Compare CD rates
nationally and in your area.
- 0.41% (1-year CD yields)
- 1.42% (5-year CD yields)
This week's survey finds certificates of deposit rates slightly lower than last week.
The average one-year CD yield dropped 1 basis point to 0.41 percent. The average five-year CD yield fell 3 basis points to 1.42 percent. A basis point is one-hundredth of 1 percentage point.
For deposits of $100,000, the average one-year jumbo CD yield remains 0.45 percent. The five-year jumbo CD yield is down 4 basis points to 1.46 percent.
The average money market account yield is 0.15 percent for the second week in a row.
With all the recent market turmoil, savers can at least revel in the safety of their CDs. Big investors are joining the conservative money in shallow waters, fleeing to the safety of Treasury securities as evidenced by this week's Treasury auction.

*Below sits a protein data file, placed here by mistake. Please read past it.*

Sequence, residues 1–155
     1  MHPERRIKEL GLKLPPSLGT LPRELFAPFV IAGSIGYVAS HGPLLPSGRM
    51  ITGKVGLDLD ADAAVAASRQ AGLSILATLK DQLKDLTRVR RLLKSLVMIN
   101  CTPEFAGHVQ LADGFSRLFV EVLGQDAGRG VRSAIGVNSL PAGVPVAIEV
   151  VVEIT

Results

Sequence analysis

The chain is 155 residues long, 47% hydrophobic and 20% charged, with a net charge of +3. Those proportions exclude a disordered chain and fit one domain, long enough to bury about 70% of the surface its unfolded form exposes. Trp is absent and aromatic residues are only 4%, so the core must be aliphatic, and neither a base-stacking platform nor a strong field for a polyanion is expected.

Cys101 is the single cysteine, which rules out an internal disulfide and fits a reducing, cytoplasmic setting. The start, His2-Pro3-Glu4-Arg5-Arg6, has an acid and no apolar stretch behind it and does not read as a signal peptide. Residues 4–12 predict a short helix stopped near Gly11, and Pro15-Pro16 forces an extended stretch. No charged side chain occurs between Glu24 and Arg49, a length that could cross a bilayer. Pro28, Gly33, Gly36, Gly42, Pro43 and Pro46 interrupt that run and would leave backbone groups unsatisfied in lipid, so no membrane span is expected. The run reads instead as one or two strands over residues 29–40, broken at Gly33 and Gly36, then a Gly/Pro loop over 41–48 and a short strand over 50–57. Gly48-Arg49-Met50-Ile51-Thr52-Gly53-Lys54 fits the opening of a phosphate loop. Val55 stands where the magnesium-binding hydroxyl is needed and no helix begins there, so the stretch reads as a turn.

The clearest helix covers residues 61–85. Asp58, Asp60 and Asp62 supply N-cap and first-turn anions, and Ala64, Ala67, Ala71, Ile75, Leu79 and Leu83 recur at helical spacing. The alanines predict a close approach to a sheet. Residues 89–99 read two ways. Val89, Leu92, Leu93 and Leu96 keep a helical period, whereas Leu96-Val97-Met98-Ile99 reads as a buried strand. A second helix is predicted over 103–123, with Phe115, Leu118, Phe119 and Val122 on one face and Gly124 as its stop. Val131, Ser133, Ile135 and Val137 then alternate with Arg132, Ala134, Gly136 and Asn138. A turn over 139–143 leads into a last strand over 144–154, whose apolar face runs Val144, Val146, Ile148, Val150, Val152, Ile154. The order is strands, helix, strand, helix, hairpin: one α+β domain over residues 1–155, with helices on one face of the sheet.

The Treasury Department sold $35 billion in four-week Treasury bills earning an interest rate of zero percent, MarketWatch.com reported on Tuesday.
There was no paucity of buyers. Bidders wanted to spend $151.7 billion on the yield-free bills.
That's not the first time that short-term Treasuries have hit zero percent, but six-month bills did hit a new low, according to Businessweek.com.
The U.S. Treasury Department reports that $27 billion of six-month bills sold at a discount rate of 0.045 percent, the lowest ever recorded for the six-month Treasury bill.
The discount rate indicates that Treasury securities sold for less than face value. At maturity, the securities can be redeemed for their par, or face, value. The difference between the face value and the discounted price at auction equals the annualized interest rate.